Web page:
9 & 10 April, 2015
Participatory Research in Asia (PRIA), India
The UNESCO Chair in Community Based Research and Social Responsibility in Higher Education conducted a symposium on ‘Mainstreaming University-Community Research Partnerships’ on the 9th of April, 2015, at India Habitat Centre in New Delhi. This symposium primarily focused on the practices of CURP across the world. Dr Rajesh Tandon, Co-Chair, UNESCO Chair in Community Based Research and Social Responsibility in Higher Education set the stage by introducing the chair, introducing the context, its relevance and the Chair’s activity in India. Thereafter, Dr Budd Hall, Co-Chair, UNESCO Chair, shared the findings of the IDRC sponsored study recently undertaken by the UNESCO Chair which focused on ‘Strengthening Community University Research Partnerships’. He touched the major emerging findings from the 12 countries in which this study was undertaken. This session further witnessed sharing of regional experiences, in the form of Dr Carol Ma, which showcased her experience from East Asia, Mr Denis Dambois gave an account of his European Union experiences, while Dr Anindya Chatterjee elaborated on the contribution made by the International Development Research Centre towards promoting such partnerships. Prof B L Mungekar, who was the respective chair for the session provided an outline on the broader perspective of community engagement and how it is viewed in India, in particular. Following the session, were open discussions which saw the participants sharing their local experiences, in addition to providing some concrete action points to be taken forward from the symposium.
The second session of the day focused on sharing the findings of the Indian study conducted by the UNESCO Chair, in association with the British Council, India on ‘Community Engagement in Higher Education Institutions’. Therefore, this session had a couple of speakers from the host universities where this study was undertaken, viz., Dr Ronki Ram from Punjab University and Dr Pahi Saikia from Indian Institute of Technology, Guwahati, who shared the findings from Punjab & Assam on the state-of-the-art- of practices of community engagement. Additionally, Dr Devi Prasad from TISS Mumbai shared his perspectives on the topic and brought to the forefront certain key issues which need to be addressed. Prof Furqan Qamar, Secretary General, Association of Indian Universities who was the chair of the session, presented a brief overview on Indian HEIs and the scope of integration of community engagement within the regular curriculum. This session again concluded with an open discussion, which saw extensive deliberations, particularly focusing on the Indian education framework, the constraints, challenges with respect to community engagement and action points for future.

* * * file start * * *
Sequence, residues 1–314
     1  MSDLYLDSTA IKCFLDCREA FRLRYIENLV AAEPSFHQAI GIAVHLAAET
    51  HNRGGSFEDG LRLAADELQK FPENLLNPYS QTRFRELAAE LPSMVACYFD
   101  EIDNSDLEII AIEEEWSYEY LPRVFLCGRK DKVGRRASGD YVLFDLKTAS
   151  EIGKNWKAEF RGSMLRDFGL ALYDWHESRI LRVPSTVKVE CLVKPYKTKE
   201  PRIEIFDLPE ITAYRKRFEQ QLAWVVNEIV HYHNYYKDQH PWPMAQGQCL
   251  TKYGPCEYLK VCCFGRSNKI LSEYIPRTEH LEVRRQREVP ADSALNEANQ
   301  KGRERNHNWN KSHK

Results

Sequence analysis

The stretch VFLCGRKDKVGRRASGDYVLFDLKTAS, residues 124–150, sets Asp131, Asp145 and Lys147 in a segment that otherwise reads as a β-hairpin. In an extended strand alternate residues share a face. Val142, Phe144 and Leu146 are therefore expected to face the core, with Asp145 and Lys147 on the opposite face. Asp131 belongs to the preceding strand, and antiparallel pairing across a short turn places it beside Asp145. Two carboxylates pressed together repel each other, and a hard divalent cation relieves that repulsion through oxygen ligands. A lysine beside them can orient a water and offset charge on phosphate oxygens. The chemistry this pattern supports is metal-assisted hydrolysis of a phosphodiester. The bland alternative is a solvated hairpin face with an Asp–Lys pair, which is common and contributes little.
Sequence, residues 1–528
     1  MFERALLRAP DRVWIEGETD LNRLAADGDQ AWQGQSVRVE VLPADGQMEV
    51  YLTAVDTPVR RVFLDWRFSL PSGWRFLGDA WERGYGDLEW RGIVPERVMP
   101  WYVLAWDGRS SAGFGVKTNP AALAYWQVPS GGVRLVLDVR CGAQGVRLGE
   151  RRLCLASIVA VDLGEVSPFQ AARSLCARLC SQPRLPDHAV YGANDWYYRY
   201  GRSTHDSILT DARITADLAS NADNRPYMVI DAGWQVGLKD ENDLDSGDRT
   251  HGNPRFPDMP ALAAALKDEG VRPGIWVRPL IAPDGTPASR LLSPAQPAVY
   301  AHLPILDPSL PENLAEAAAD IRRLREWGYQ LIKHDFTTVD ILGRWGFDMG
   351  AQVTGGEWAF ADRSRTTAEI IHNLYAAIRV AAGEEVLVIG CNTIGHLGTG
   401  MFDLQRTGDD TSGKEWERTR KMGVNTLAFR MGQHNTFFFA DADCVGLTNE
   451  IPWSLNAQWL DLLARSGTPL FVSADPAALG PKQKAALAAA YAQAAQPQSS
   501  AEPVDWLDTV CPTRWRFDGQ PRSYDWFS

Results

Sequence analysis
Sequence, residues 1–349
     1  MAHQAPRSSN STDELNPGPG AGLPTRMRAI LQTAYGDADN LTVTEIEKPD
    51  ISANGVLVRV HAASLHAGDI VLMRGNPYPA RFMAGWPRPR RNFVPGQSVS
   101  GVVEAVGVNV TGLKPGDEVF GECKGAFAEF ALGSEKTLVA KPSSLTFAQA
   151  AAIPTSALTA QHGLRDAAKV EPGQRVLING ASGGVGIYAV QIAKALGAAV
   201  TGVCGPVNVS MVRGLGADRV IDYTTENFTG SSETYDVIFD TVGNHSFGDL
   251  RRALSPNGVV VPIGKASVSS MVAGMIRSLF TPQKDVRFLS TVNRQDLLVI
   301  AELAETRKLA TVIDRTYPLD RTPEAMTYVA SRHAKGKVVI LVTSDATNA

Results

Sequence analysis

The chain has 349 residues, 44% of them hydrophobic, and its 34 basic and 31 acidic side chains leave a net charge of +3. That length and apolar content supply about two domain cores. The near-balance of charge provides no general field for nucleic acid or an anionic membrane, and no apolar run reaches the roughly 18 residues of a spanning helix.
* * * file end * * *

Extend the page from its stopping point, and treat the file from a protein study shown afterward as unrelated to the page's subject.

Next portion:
Please find the full report for the 9th April event at: http://unescochair-cbrsr.org/unesco/pdf/9_April_2015_event_report.pdf
The proceedings for 10th April began with a PRIA-logue between Dr. Rajesh Tandon and Prof. Budd Hall in PRIA itself. The session was an interactive one wherein these two stalwarts discussed what participatory research in action is and what is its future. The audience we enthralled by their recollections of how they chose participatory research (or rather how participatory research chose them). Similar accounts of others’ encounters that led them to community-based participatory research were also recounted by various members in the audience.
This was followed by a series of presentations by various members who have been actively involved in Participatory Research. Mr. Walter Lepore from University of Victoria, Canada gave a presentation on ‘Global Status of Capacity Building on Participatory Research’ which was based on the findings of the global survey on the same. This survey was conducted as a part of the Next-Gen Project, funded by the Social Science and Humanities Research Council (SSHRC), Govt. of Canada. This was followed by a presentation by Dr. Andrea Vargiu from University of Sassari, Italy on ‘Teaching Participatory Research: Issues and Challenges’.
After lunch, there was a panel discussion on ‘Mobilising Resources for Building Capacity in Community-based Participatory Research’. The members of the panel discussion brought in viewpoints from different geographical locations as well as different sectors. Dr. Cristina Escrigas shared her experiences from Europe as an Advisor in the Global University Network for Innovation (GUNi) in Barcelona. Similarly Dr. Carol Ma shared her experiences from East Asia as the Associate-Director of Service-Learning (OSL) in Lingnan University, Hong Kong, China. Mr. Jagadananda, Member Secretary, Centre for Youth & Social Development (CYSD), Odisha, India shared his experiences as being a part of the civil society in India. Finally, Dr. Surajit Sarkar, Associated Professor in Ambedkar University, Delhi, shared his experiences as being part of the novel initiative called Centre for Community Knowledge in his University.
Please find the full report for the 10th April event at: http://unescochair-cbrsr.org/unesco/pdf/10_April_2015_event_report.pdf